I first learned about the concept back in the 1990’s when I was a graduate student at UP majoring in transportation engineering. The concept on transport gaps was first mentioned in a lecture by a visiting Japanese professor as he was discussing about transport modes, particularly on which was suitable or preferable over certain travel distances and which could carry more passengers. Another time later and while in Japan, I heard about the concept during a presentation of a friend of his technical paper on public transport.
The figure below is one of many possible illustrations of the concept of transport gaps. In the figure, a distinction is made for mass transport and individual transport. As the original figure is likely taken from a textbook or a paper (probably from Japan), shown with a white background are the more conventional modes of transport including subways, urban and suburban railways, walking and a mention of the shinkansen (more popularly known as the bullet train). With a gray background in the original figure is a category on new urban transit systems that include monorails, AGTs and LRTs. If we attempt to qualify local transport modes such as jeepneys, UV Express, tricycles and pedicabs into the graph, the outcome can be like what is illustrated with different color backgrounds in the figure below.
The concept of transport gaps allow us to visualize which modes are suitable for certain conditions where other established modes of transport may not be available or viable. In the original figure, the gap in Japan is filled by new urban transit systems. In our case, gaps are filled by so-called indigenous transport modes such as jeepneys, multicabs, tricycles, pedicabs and even habal-habal (motorcycle taxis).
There are gaps in the Philippine case probably and partly because of the slow development of public transport systems such as the mass transport modes shown in the preceding figure. There was a significant gap right after World War 2 when the tranvia and other railways were destroyed during the war. That gap was filled by the jeepney. There was also a gap in the early 1990’s that was eventually filled by FX taxis. Such gaps can obviously be filled by more efficient modes of transport but intervention by regulating agencies would be required and rationalizing transport services can only be addressed with the provision of mass transport options complemented by facilities for walking and cycling that will complement these modes.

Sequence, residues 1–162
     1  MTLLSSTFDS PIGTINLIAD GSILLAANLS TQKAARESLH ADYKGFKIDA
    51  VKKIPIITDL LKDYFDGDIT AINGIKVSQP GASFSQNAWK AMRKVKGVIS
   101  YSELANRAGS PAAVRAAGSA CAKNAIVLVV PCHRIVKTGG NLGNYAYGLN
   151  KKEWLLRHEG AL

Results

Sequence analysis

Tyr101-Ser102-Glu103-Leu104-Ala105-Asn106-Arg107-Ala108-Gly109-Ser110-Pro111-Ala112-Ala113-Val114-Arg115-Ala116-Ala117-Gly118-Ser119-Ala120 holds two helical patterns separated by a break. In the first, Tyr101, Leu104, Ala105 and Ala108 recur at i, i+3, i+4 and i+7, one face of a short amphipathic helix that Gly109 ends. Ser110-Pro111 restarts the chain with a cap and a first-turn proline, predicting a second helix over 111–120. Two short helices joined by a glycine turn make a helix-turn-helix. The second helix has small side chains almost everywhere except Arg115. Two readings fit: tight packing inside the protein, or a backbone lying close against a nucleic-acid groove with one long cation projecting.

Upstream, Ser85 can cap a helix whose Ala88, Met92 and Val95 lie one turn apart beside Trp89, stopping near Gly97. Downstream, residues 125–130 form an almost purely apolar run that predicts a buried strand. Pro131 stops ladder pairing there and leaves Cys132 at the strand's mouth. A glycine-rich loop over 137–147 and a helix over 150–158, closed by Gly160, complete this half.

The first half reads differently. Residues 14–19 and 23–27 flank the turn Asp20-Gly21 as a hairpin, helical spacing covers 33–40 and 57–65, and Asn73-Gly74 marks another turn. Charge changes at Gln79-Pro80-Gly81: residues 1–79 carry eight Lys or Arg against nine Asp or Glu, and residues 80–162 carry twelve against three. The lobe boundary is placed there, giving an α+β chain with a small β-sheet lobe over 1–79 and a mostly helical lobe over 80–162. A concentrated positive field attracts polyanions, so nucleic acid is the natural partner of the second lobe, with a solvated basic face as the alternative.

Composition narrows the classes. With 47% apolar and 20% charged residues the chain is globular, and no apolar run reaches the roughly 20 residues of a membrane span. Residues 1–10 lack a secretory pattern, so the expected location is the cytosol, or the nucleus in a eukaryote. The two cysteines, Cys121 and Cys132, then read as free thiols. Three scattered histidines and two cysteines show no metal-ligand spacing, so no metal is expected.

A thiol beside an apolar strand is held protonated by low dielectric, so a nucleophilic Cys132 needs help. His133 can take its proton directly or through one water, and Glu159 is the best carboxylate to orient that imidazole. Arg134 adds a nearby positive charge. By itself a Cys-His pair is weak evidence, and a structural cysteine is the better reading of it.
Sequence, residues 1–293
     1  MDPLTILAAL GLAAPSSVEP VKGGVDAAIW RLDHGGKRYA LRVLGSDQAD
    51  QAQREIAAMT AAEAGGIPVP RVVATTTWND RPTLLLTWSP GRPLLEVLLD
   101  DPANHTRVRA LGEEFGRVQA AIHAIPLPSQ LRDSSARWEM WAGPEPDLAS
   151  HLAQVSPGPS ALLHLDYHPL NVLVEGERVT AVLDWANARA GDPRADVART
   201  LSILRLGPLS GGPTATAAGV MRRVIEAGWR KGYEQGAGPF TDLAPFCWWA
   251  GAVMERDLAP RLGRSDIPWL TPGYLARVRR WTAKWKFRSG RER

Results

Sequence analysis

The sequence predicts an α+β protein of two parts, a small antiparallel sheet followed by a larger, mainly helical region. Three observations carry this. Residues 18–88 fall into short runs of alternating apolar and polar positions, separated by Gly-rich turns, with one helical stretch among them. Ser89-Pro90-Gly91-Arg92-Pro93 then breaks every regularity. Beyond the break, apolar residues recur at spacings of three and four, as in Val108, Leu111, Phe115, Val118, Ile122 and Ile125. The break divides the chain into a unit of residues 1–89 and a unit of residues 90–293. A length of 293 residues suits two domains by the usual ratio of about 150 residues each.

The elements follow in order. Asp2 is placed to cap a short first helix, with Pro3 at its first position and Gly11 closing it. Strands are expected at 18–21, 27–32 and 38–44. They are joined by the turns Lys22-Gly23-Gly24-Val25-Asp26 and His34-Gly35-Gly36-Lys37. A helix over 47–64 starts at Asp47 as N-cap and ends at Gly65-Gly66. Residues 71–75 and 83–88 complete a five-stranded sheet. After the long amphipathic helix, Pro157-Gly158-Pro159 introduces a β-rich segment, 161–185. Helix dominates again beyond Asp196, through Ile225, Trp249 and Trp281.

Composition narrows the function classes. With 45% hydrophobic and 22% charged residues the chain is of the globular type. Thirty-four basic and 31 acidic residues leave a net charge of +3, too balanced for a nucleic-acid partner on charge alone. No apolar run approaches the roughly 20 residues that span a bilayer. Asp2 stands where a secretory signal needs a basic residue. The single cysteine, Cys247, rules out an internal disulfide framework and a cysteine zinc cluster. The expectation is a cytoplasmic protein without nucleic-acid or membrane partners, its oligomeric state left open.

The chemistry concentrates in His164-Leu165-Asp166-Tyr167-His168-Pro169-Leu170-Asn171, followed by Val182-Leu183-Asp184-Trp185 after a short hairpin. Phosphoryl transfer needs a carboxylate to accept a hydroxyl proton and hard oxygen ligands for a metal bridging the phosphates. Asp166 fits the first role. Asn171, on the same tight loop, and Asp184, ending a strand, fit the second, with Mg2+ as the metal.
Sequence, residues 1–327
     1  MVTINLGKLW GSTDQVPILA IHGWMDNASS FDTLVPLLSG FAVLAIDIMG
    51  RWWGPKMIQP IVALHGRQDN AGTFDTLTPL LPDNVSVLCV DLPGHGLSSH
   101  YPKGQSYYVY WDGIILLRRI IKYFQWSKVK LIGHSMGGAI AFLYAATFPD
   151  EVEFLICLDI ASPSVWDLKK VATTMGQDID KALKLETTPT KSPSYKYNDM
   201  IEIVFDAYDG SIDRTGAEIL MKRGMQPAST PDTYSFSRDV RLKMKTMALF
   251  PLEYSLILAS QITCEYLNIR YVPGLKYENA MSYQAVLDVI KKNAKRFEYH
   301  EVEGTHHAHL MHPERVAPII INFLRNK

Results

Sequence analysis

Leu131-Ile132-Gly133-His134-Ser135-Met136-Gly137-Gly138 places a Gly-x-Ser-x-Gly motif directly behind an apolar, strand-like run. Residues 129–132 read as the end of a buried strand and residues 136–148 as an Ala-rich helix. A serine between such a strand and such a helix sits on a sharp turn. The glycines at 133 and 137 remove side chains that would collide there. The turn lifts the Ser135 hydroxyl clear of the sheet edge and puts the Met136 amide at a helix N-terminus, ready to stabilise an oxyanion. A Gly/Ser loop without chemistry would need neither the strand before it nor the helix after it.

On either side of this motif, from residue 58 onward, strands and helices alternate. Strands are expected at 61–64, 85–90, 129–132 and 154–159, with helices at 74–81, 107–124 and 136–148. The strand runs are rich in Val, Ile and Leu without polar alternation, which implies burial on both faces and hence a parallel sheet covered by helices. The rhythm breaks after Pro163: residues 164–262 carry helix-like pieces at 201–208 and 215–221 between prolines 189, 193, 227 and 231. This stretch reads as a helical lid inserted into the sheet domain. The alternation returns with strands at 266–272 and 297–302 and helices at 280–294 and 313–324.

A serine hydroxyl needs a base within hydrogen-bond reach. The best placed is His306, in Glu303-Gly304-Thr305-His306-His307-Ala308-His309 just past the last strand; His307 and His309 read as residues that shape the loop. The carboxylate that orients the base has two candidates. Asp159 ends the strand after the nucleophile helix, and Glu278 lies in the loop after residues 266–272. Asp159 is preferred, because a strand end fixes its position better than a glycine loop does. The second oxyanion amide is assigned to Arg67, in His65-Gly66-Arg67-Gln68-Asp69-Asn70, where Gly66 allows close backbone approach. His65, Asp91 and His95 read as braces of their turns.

Happy New Year!
I start the year with a short feature on the Automated Guideway Transit (AGT) prototype at the University of the Philippines Diliman (UPD) campus. The prototype has been featured in a number of articles in quad media in the recent weeks of November and December after its delivery and a few runs along the elevated test track at the campus. A project of the Department of Science and Technology (DOST) through its PCIEERD and MIRDC, and in cooperation with UPD, the vehicle has caught the attention of the general public and particularly those who have advocated for better public transport services in Metro Manila and other Philippine cities. Many are excited about the prospects of a “home-grown” system being constructed and operated in Metro Manila, and the buzz about the AGT replacing the IKOT jeepneys of UP Diliman is still very much alive despite clarifications by both the DOST and UP about this being a R&D project as well as questions regarding sustainability and practicality. Following are a few photos of the AGT prototype during one of its demonstration runs last December.